Tag Archives: self fulfilling prophecy

The power of thought

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The power of thought

Photo by withbeautiful

Few people realise just how powerful their thinking is. The thoughts you choose to focus on and the beliefs you choose to hold on to as true for you, can create heaven or hell. The power of thought is closely looked at by cognitive behavioural therapists (CBT). It is widely accepted that thoughts lead to feelings and these feelings then influence our behaviour.

If we have negative automatic thoughts, they will lead to negative emotions and the ensuing behaviour will then be in line with those negative feelings.

Example:

THOUGHT: I am unattractive

FEELING: Sadness, anxiety

BEHAVIOUR: Avoidance of the opposite sex, avoid dating etc

If the thought was different but still valid, say for example: “I am not perfect but I have many qualities and characteristics”, the feelings would be more positive. This thought is more neutral and will lead to a happier feeling, say, a feeling of hope. The behaviour from this may be that the person ventures out to meet others.

Our thoughts are often habitual and we don’t even realise the repetitive negative dialogue that is occurring. We limit ourselves when we belittle ourselves and criticise ourselves. One of the cornerstones of CBT is to look at our thinking and get into the habit of questioning the validity of thoughts. Thoughts are nor facts – they are merely our perception of the world. They can be changed and they can be challenged.

CBT therapists challenge thinking by looking at the evidence for the thinking and then consider alternative ways of looking at a situation. Remove the negative automatic thoughts and aim for more neutral interpretations – that one simple trick can overhaul a life from misery to surviving and coping. It is a skill that can be learned. Being an effective ‘thought manager’ is one of the best skills you can ever learn if you care about your state of mind.

Be aware of your ‘mental diet’. What do you tell yourself about the world and about yourself?

Try completing these sentences, without thinking too much about it…

  1. I am…
  2. Others are…
  3. The world is…

The above exercise can sometimes help reveal your underlying thoughts about the world. If  you have answered negatively, you will probably find that you spend a lot of time feeling low. Negative thinking can be toxic – comparing ourselves to others, assuming what other’s might be thinking, over generalising, rigid thinking – all of these types of unhelpful  thinking (and others )are unhelpful and can lead to unnecessary anxiety and depression.

CBT is great because you can see results fairly quickly. The strategies and interventions need to be repeated for them to become part of your natural behaviour but it’s well worth it. Don’t just accept your thoughts without any challenge or evidence- they aren’t always accurate or necessarily based on what is really going on in reality.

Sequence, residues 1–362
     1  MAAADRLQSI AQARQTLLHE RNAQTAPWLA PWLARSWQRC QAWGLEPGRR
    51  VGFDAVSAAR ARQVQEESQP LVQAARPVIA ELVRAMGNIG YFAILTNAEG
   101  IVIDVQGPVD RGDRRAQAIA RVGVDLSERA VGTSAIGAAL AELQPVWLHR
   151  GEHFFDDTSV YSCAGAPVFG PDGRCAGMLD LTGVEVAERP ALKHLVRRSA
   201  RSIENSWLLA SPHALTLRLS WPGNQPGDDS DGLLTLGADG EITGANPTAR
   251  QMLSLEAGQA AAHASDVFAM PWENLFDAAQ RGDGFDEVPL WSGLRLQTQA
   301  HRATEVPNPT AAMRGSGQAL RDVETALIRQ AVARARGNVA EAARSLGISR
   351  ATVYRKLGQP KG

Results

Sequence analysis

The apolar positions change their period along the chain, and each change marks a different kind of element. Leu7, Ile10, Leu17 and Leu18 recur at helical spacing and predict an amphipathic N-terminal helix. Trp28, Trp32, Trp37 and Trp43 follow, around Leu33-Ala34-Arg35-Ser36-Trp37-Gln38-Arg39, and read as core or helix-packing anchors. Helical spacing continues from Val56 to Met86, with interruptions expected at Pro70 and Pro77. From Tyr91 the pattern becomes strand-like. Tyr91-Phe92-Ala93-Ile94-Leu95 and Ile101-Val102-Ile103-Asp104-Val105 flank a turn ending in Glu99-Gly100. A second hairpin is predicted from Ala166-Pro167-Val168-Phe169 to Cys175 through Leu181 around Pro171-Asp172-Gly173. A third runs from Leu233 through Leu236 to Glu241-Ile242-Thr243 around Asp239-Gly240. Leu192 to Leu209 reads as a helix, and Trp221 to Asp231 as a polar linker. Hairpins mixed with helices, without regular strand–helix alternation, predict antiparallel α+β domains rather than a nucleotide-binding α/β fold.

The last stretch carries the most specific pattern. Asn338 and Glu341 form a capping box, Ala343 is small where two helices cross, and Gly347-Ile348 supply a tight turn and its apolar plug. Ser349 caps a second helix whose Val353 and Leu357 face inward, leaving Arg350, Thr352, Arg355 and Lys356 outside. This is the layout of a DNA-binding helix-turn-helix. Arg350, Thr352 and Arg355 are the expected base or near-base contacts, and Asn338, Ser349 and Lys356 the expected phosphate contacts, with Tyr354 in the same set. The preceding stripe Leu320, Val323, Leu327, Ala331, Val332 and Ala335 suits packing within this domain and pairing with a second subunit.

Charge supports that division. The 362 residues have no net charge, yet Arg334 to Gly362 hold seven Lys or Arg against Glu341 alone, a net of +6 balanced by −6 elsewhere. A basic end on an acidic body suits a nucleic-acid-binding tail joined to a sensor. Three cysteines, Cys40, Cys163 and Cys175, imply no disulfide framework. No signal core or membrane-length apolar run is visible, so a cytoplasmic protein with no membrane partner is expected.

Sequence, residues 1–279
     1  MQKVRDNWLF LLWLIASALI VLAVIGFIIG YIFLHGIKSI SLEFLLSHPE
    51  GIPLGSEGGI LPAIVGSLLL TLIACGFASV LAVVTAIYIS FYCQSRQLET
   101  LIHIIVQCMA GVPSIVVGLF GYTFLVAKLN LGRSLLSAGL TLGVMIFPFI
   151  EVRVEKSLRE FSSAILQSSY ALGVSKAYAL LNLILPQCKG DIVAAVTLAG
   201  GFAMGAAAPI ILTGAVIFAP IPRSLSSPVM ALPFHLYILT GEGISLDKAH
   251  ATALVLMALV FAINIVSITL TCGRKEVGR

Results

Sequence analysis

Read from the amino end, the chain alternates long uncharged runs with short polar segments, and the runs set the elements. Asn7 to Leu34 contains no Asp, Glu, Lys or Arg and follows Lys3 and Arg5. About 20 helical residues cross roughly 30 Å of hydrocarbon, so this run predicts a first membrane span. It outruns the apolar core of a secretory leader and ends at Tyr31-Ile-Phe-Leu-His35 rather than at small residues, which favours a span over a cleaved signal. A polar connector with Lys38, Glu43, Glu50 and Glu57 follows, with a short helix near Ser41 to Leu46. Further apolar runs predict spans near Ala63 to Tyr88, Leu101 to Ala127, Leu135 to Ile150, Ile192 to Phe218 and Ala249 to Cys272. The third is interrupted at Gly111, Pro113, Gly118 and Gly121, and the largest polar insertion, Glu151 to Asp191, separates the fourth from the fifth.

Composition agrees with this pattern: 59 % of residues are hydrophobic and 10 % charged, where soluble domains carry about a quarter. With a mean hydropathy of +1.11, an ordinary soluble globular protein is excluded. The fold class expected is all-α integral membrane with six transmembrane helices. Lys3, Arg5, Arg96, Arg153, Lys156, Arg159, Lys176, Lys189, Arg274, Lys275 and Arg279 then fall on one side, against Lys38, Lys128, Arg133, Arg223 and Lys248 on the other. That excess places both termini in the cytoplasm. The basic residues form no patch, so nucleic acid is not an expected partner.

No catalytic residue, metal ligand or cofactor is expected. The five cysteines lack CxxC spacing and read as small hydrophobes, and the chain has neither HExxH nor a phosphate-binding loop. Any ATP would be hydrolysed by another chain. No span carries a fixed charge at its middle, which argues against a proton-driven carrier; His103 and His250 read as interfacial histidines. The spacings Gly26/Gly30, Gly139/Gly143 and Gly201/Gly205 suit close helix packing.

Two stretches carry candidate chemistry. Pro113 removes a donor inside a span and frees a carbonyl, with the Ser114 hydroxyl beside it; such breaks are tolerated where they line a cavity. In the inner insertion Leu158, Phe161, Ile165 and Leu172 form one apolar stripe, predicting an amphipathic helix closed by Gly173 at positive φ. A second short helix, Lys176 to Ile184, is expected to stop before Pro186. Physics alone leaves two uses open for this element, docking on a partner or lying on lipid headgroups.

Mandy X

 

Are you approachable?

 

friendly photo

Are you approachable?

Do you ever think about how you are coming across to others? There can be times when we are giving off negative body language to others but are not aware of this. Often, negative body language comes from what we are thinking about. If we are self conscious and self focused, we may feel stressed and this will show in our body language.

Cognitive behavioural therapy deals with many issues and among those is social anxiety, also known as social phobia. When we suffer from social anxiety, we are often plagued by self doubt and worry too much about what others think of us. We focus on how we are coming across and this self focus ends up making us feel even more anxious. Ironically, when we care too much about being liked and/or being popular, we can end up making the situation worse for ourselves by placing too much pressure on our behaviour.

An analogy that helps my clients is to ask them to think about a row of shops. If you are walking down a street full of shops, you will be unlikely to enter into a shop that looks as if it is closed, has the door closed or has the shutters down etc

On the other hand, a shop that has the door open and looks inviting is more likely to get interest from passers by. I call this “shop open” and “shop shut” body language. Regularly monitor yourself to see whether you are giving off approachable “shop open” body language or unfriendly “shop closed” body language. Shop open body language consists of:

smiling, making eye contact, shoulders back etc

Sadly, when we are shy or feel anxious socially, our thoughts tend to be anxious in nature and this affects our body language negatively. What ends up happening is known as a self fulfilling prophecy – the very thing we fear comes true. If you feel anxious, try focusing on something external instead of  focusing on yourself. This is a great trick to lessen anxiety  in social situations. Focus on others, find out more about them…

In the future, remind yourself to give off “shop open” body language and you will immediately see a change in how people treat you and communicate with you.

Mandy X

The danger of Self fulfilling prophecies

 

self fulfilling prophecy

self fulfilling prophecy